The day has finally come, though it’s hard to believe. You know the feeling. There’s something you are planning for – and you work and you plan until that day finally arrives. Then when the day comes it seems surreal. Like having a baby.
Come to think of it, that’s exactly what it feels like now. Mickey and I are giving birth to the next phase of our ministry. Today, as I write this, he is in Liberia.
Ever since we met Pastor Stephen Tour, we have had Liberia on our hearts. The country has a connection with the US for many reasons. A major one is that before the civil war, a Christian group – the American Colonization Society helped ex-slaves from the United States move to Africa and establish the colony of Liberia.
The new immigrants had only known the American culture, so they began to emulate it Their flag was like the US flag, except for only one star. The houses they built were reminiscent of the Greek Revival homes they had left. At first, the clothes they wore were copies of those they had known in their old land.
There were occasional clashes with some of the new neighbors, but the people were able to establish a certain order, and their lives began to flourish. The new Liberians were experiencing some good times.
However, as is always the case when differing cultures collide, resentments began to build in some of the neighboring tribes and at the end of the 20th century fierce fighting broke out.
It’s hard to understand all of the motivations – or even what people were trying to achieve with their fighting, but there were two decades of such intense battles that 500,000 people were killed. Most of the country’s infrastructure was annihilated. Finally in 2004 the UN sent peace keepers into the country and the president was arrested and sentenced for war crimes. (He is now serving a 50 year sentence in a British jail).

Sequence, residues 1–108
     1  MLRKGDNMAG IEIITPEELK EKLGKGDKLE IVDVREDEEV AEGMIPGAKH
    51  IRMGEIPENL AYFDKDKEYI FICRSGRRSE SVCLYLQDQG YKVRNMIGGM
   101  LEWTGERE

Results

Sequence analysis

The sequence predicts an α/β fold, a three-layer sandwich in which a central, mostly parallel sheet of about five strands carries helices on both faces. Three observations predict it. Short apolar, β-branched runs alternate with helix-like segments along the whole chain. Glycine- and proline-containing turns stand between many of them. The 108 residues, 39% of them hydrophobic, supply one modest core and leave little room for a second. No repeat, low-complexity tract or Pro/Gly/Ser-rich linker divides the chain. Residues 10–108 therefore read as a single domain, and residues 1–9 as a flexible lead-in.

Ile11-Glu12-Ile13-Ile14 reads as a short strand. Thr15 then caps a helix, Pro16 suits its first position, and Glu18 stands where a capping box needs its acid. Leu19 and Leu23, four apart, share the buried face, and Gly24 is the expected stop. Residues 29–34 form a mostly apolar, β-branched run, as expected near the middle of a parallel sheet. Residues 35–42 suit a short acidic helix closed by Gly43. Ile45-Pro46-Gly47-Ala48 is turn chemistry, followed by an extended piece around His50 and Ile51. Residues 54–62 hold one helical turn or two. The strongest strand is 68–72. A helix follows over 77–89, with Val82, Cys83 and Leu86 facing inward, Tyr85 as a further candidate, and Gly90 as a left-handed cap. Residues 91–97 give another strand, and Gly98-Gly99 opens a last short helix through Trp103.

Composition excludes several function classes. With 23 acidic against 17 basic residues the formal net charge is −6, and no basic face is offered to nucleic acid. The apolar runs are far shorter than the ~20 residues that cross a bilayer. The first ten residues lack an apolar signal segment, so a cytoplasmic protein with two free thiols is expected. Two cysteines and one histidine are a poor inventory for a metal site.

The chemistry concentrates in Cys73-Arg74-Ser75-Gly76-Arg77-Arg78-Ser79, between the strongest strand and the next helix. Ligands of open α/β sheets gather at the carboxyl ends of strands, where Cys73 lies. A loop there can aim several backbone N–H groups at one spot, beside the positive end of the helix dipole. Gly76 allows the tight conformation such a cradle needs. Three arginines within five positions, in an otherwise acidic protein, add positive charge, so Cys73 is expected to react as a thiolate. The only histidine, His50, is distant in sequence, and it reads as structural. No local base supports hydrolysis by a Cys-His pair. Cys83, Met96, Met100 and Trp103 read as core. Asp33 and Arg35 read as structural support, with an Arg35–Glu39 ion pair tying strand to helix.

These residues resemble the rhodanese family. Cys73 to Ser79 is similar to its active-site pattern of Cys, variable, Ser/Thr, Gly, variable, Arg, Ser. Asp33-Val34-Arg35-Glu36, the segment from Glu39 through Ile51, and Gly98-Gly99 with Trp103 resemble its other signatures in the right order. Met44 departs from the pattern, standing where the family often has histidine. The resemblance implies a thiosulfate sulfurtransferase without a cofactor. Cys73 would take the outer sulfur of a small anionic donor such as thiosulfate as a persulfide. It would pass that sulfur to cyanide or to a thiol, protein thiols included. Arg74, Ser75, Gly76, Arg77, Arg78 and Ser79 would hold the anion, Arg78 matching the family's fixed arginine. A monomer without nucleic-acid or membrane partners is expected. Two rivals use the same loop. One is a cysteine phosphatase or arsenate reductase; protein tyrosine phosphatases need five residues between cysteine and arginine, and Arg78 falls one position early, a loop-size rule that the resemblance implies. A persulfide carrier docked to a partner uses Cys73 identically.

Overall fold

So back to the present…
Many of the people who had fled Liberia during the onslaught are now going back to rebuild. Two of my heroes in this mission are Pastor Stephen Tour and his wife, Pastor Annette. Though they both had escaped miraculously with guns pointed at them (that’s another story for another day), they felt the call of God to return to their land. Ten years ago they moved back and began the hard, complicated task of building a church and helping others to rebuild their lives.
Remember I said that the infrastructure had been destroyed during the wars? Well I really meant that. When the Tours returned there was no central water system and no electricity. No phone service and, of course, no internet. Oh, and streets? Forget it!
Bravely this couple gathered some others to begin the work – and the progress has been incredible. Ten years later, they have a church building with several stories. They have also started two rural churches, and they’re bringing changes wherever they go.
Such noble people.
Mickey will be teaching the Word in some of the church meetings. He’s also going to assist in opening a Bible School for local pastors. Pastor Tour’s long range vision is to open a conference center on the coast – where he has six acres. So much is possible when the vision of God is involved.
I’ll be posting often as I hear the developments. Thanks for your prayers.